Under fire for her handling of the inquiry into the March 18 shooting death of Stephon Clark, Sacramento County District Attorney Anne Marie Schubert launched a public defense Wednesday, saying her office has not yet received the police investigation of the case and that it could take many months before her own investigation is complete.
“The reality is, is that what happened to Stephon Clark is a tragedy,” Schubert said in a news conference during which she outlined the steps she takes in investigating officer-involved shootings and noted she is not legally required to conduct such reviews.
The shooting of the unarmed 22-year-old black man by two Sacramento police officers has spawned national outrage, particularly over the fact that the gun police thought he was carrying turned out to be a cellphone and that a private autopsy found six of the eight bullets that hit him were fired into his back.
Street protests have continued for weeks in downtown Sacramento, and Schubert’s office at Ninth and G streets has been the target of regular demonstrations by activists asking that she charge the two officers who shot Clark. Schubert’s office has never found evidence that led her to prosecute an officer in a shooting.
Schubert noted her own office’s review of the case has not officially begun because the Sacramento Police Department is doing its own inquiry, which will then be turned over to her investigators to determine whether a crime was committed and if that can be proven beyond a reasonable doubt.
As part of the police investigation, the two officers who fired 20 rounds at Clark are interviewed by police with representatives of the DA’s office observing, Schubert said, but her office’s review of officer-involved shootings does not routinely include a separate DA’s interview of the police officers.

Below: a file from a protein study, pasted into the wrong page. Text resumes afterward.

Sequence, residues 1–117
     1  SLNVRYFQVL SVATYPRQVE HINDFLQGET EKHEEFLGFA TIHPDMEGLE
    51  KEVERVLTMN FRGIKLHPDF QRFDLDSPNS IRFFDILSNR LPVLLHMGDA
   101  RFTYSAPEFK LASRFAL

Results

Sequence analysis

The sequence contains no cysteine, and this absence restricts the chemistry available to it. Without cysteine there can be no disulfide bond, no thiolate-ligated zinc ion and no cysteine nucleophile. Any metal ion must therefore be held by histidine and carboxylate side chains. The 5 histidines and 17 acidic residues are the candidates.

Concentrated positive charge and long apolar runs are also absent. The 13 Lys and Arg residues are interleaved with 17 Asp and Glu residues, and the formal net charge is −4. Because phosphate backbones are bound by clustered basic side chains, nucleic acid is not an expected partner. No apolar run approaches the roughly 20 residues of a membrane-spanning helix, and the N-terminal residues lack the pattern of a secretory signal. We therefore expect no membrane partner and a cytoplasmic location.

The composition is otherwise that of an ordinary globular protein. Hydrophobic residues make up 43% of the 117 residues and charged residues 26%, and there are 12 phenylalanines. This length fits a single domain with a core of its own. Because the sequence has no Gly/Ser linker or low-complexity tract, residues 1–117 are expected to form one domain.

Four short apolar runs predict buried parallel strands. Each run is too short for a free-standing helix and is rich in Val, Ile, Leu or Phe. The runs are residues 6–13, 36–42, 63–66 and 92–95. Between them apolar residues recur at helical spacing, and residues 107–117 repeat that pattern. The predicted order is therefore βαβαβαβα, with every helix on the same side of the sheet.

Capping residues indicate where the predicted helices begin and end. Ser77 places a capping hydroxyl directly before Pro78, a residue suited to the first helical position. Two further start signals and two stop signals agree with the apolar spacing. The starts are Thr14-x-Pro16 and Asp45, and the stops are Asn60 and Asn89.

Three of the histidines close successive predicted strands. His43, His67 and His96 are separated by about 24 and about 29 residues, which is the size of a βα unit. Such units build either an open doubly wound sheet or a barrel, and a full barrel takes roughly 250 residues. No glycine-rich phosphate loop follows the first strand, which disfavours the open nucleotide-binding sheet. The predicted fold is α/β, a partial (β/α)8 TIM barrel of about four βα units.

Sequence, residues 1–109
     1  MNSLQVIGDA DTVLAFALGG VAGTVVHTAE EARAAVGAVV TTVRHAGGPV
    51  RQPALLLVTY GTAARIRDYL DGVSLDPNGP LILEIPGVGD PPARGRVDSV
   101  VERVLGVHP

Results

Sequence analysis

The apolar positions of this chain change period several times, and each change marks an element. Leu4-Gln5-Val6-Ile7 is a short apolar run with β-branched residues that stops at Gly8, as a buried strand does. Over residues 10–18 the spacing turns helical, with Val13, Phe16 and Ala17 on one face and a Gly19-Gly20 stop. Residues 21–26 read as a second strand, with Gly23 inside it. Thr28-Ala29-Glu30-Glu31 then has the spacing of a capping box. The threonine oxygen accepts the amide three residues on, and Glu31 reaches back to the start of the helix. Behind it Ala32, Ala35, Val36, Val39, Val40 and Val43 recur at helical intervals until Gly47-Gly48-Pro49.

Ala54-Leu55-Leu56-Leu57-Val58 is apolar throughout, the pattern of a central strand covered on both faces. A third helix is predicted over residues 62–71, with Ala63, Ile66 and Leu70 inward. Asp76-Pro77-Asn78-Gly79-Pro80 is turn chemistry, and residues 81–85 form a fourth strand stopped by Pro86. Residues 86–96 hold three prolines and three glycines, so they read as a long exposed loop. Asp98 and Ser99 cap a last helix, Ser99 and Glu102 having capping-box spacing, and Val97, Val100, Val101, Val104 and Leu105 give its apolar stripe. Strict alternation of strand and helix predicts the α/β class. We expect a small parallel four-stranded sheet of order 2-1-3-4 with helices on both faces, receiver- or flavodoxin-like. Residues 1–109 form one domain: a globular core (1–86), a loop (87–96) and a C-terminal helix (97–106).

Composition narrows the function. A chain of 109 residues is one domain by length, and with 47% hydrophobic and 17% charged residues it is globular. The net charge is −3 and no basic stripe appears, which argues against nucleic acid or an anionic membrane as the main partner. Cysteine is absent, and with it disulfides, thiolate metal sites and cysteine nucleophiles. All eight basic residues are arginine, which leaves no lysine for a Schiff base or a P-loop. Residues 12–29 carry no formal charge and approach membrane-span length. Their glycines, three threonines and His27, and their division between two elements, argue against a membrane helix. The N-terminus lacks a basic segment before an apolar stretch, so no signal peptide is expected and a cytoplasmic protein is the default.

“They’re conducted by the police department, and we’re present for those interviews,” she said. “I think if there are additional things we would need for purposes of the criminal review we could do that.”
But, she emphasized, the police review and county coroner autopsy results have not been turned over to her investigators.
“The case is not in our office,” she said. “We have not started a review.”
Sacramento police had no estimate Wednesday of when the department's review would be completed and would not say whether the two officers had yet been interviewed.
Despite the fact that the police review is ongoing, Schubert has become the focal point of protesters who want the officers charged. Groups have begun loud vigils outside her building three times a week, some including loud speeches over bullhorns and barbecues prepared on charcoal grills just outside the office front doors.
A march from the office of Attorney General Xavier Becerra, who has launched his own review of the shooting, is set to begin at 9:30 a.m. Thursday at 13th and I streets and proceed to Schubert’s office, where protest organizers say 100,000 signatures from an online petition asking for charges against the police will be delivered.
Schubert said such protests “are not going to stop us from following our process.”